I'm still on 10.4. No iphone emulator.
Moreover, when element with name="toString" is present, any attempt to
obtain a reference to a form element (containing that element)
produces an error:
javascript:alert(document.forms[0].elements.toString);
javascript:alert(document.forms[0].toString);
I don't get the error.

Only with:
javascript:alert(document.forms[0]);

Because the alert method is probably trying to get the DefaultValue and
ends up calling document.forms[0].toString, but
document.forms[0].toString is an element.

Garrett
"The Object does not implement [[Call]]"

--
kangax
Sep 3 '08 #9

P: n/a
In comp.lang.javascript message <g9**********@registered.motzarella.org>
, Mon, 1 Sep 2008 21:41:41, dhtml <dh**********@gmail.composted:
>Title says it.
Body of an article should stand alone, without reference to Subject -
S(N)OP. Bug reports should include browser version.
If I use a for in loop on an HTML collection, I get length twice.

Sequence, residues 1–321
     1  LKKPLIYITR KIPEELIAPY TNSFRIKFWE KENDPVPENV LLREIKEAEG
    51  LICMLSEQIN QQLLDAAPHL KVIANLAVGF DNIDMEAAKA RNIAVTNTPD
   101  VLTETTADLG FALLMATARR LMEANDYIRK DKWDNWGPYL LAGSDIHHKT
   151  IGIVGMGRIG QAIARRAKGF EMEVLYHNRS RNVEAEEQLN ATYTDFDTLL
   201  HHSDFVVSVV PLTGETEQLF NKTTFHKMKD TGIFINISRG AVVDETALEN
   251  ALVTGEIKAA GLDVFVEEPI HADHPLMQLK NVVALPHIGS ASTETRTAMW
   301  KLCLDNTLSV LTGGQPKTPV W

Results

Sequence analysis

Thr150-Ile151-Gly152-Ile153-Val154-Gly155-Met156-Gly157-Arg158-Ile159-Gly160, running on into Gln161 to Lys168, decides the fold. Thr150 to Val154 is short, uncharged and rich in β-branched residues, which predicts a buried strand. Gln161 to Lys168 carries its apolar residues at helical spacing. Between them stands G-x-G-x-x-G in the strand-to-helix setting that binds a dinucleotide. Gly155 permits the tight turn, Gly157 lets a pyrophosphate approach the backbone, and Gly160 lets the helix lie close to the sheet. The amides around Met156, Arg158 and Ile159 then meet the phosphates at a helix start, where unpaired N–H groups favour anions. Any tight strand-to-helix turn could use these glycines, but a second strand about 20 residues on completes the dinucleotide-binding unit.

MS IE 7.0.5730.13 - long list, length twice
Safari 3.1.2 - short list, length once
Firefox 2.0.0.16 - short list, length once
Opera 9.27 - short list, length once

It's a good idea to read the newsgroup c.l.j and its FAQ. See below.

--
(c) John Stockton, nr London UK. ?@merlyn.demon.co.uk IE7 FF2 Op9 Sf3
news:comp.lang.javascript FAQ <URL:http://www.jibbering.com/faq/index.html>.
<URL:http://www.merlyn.demon.co.uk/js-index.htmjscr maths, dates, sources.
<URL:http://www.merlyn.demon.co.uk/TP/BP/Delphi/jscr/&c, FAQ items, links.
Sep 3 '08 #10

P: n/a
dhtml wrote:
kangax wrote:
>On Sep 2, 5:44 pm, dhtml <dhtmlkitc...@gmail.comwrote:
>>GArlington wrote:
On Sep 2, 5:50 am, dhtml <dhtmlkitc...@gmail.comwrote:
dhtml wrote:
>Title says it. If I use a for in loop on an HTML collection, I get
>length twice.
(in Opera)
>Garrett
AVOID using predefined [reserved] var names for your own vars/fields...
Yes, of course.

I used an element named "length" on purpose. The goal is to learn about
the browser.

The for in loop should not expose the same key twice. I wonder what
Opera is doing.

Garrett

I can reproduce this in ver. 9.51 (build 4886) on Mac OS X (10.5.4)

I'm still on 10.4. No iphone emulator.
>Moreover, when element with name="toString" is present, any attempt to
obtain a reference to a form element (containing that element)
produces an error:

javascript:alert(document.forms[0].elements.toString);